Heather Donahue apparently wrote this biographical sketch of herself to accompany her film class thesis project about the Blair Witch.
When a tie-in book to The Blair Witch Project to was called for by Artisan and publisher Onyx, author D.A. Stern came up with a brilliant idea: rather than doing a standard novelization, they would further the deceitful marketing premise stating that the film's events actually happened by providing a collection of every last bit of information out there on the student filmmakers, on the city of Burkittsville, and, of course, on the Blair Witch herself.
The result was The Blair Witch Project: A Dossier, which takes all of the information from the website BlairWitch.com, combines it with a number of the personalities from the documentary Curse of the Blair Witch (along with a smorgasbord of new info), and cements it in print form. The comprehensiveness of this book cannot be overstated – it is more of an encyclopedia, indexing progress reports from private investigator Buck Buchanan to Angie Donahue (Heather’s mother, and his client) and collecting photographs of the various crime scenes. It’s like having a Blair Witch-specific Wikipedia (such as this one) right there on your book shelf.
The real treat here, however, is the reproduction of Heather’s journal from the website, a running commentary actually written by the actress herself during the film shoot that contains the aforementioned bombshell twist not mentioned in the film itself: Heather was sending energy out to the Blair Witch well before she and her student colleagues set foot in the woods, hoping to coax the ghost out in order to document her on film. This not only adds an extra dimension to the film, it also turns the now-iconic “I’m sorry” scene on its head.
Born on August 17, 1972, Heather Donahue lived most of her live in New York City. Virtually every summer, however, she would visit with her grandparents, Randy and Sadie Donahue, who lived in Fredrick County, Maryland. Some of Heather's earliest memories are of her grandfather's tales of the ghosts and witches said to haunt the area. She made it her mission to investigate and document the origins of these stories, primarily as an act of preservation.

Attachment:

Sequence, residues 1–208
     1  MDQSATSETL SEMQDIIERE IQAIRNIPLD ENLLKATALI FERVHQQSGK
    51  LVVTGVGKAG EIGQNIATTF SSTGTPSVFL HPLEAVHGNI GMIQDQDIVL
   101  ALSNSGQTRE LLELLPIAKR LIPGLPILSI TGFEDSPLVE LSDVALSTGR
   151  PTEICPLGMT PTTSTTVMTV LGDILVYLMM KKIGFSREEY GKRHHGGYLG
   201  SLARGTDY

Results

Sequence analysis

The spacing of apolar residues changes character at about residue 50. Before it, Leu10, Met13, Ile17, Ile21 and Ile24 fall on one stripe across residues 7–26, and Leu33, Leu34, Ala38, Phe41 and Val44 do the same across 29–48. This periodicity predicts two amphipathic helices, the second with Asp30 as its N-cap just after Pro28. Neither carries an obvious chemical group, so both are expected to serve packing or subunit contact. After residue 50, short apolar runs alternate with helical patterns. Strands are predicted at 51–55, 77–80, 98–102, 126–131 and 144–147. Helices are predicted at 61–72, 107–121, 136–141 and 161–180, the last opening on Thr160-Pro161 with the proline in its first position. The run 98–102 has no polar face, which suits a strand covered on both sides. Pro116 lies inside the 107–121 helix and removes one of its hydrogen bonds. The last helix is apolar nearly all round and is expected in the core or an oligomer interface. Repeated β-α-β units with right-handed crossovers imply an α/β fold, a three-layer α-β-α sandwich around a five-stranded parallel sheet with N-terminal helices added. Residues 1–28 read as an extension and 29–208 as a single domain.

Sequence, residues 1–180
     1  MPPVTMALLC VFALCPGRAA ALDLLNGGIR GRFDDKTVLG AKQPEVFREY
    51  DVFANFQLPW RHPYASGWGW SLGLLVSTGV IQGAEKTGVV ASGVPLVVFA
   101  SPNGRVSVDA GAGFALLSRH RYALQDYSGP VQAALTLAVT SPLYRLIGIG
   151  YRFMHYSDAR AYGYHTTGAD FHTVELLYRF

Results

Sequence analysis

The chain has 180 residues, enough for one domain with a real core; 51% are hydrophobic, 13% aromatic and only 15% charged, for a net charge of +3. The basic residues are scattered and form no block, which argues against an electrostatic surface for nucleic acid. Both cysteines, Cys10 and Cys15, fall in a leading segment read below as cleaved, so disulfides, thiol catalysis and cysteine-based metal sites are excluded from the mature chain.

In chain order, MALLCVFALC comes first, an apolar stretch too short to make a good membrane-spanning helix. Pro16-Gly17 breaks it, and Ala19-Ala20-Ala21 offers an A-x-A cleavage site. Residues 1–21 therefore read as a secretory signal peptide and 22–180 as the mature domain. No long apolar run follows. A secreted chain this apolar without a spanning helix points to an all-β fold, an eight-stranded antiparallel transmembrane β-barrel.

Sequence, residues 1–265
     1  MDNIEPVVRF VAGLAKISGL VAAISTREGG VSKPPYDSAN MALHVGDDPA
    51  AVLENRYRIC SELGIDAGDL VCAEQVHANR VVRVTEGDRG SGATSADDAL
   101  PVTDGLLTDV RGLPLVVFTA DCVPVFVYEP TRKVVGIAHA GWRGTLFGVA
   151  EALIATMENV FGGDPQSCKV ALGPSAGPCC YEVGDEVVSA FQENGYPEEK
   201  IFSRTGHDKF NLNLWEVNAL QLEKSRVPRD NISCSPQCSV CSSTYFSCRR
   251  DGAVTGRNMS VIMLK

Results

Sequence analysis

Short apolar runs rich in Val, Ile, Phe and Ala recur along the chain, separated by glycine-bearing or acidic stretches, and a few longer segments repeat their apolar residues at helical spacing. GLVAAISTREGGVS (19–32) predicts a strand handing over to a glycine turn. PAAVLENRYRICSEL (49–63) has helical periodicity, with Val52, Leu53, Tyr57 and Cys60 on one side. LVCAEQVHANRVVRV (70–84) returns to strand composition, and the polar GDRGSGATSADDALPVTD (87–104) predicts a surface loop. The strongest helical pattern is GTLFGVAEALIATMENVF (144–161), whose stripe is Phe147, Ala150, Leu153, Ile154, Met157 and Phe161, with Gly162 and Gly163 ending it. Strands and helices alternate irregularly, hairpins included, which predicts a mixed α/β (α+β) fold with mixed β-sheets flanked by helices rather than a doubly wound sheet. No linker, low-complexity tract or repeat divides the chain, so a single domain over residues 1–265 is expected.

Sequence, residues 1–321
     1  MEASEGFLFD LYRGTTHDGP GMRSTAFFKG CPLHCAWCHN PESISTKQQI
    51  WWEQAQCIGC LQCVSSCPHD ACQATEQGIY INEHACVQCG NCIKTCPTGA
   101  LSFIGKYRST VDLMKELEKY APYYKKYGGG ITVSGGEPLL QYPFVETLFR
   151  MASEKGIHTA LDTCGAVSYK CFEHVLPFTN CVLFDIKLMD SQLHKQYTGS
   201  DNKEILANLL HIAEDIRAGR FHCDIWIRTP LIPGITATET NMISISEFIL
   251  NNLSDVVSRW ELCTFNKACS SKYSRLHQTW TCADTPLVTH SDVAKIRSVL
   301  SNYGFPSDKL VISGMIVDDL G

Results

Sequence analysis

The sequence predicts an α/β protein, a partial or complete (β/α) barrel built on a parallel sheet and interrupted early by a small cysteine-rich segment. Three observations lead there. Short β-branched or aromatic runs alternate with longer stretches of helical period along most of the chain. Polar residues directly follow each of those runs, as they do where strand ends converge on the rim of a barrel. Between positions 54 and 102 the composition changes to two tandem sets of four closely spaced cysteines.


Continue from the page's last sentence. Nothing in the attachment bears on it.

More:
Once her family moved to Maryland in 1991, Heather began studying video production at Montgomery College in Rockville. She worked as a videographer for countless weddings and bar mitzvahs, simultaneously planning her first major project, a documentary on the story of her grandfather's that both fascinated and frightened her the most--the legend of the Blair Witch.
Joshua Leonard began his filmmaking career at 9 years old, documenting local sporting events and family gatherings on his father's 8mm Bell & Howell. Later in his high school years, he wrote and directed is own TV show, "MD. Skunk," which quickly became a local favorite of the Rockville youth culture as well as the highest rated midnight show on WQED cable channel 3. "MD. Skunk" was noted for its unique mixture of skateboarding tricks and punk rock footage cleverly edited with stock car chases and classic gun fights.
Joshua later attended and graduated from the television program at Montgomery Community College (MCC). At MCC he learned an array of filmmaking techniques, including on-line Beta editing, basic sound design, 3-point lighting, and 16mm film production.
Joshua is currently working as a commercial videographer for TCI productions and has recently completed directing his own 30-second spot entitled "Nuns With Guns" for The Laugh Factory comedy club and restaurant.
Joshua's latest endeavor is "The Blair Witch Project," a feature-length documentary directed by Heather Donahue. The film explores the folklore and local legends of the occult in Burkittsville and surrounding areas.
The biographical sketch of himself Michael Williams composed to accompany Heather's thesis project.
At the age of 5, Mike won first prize in kindergarten for the best drawing of a fish. Since then he has won absolutely nothing except for "Least Likely to Succeed" in his graduating year of high school.
At 19 years old, he decided to head to St. Petersburg, FL, to work on a fishing boat called "The Old Kensico." Three months later he was living back at home.
He had taken two courses in sound mixing and editing for film which is where he met Joshua Leonard. In October 1994, Josh called and asked him if he would like to join himself and Heather Donahue in shooting Heather's senior thesis project about the local legend of the Blair Witch. Mike accepted the job because he knew he could learn a lot from Josh and the experience.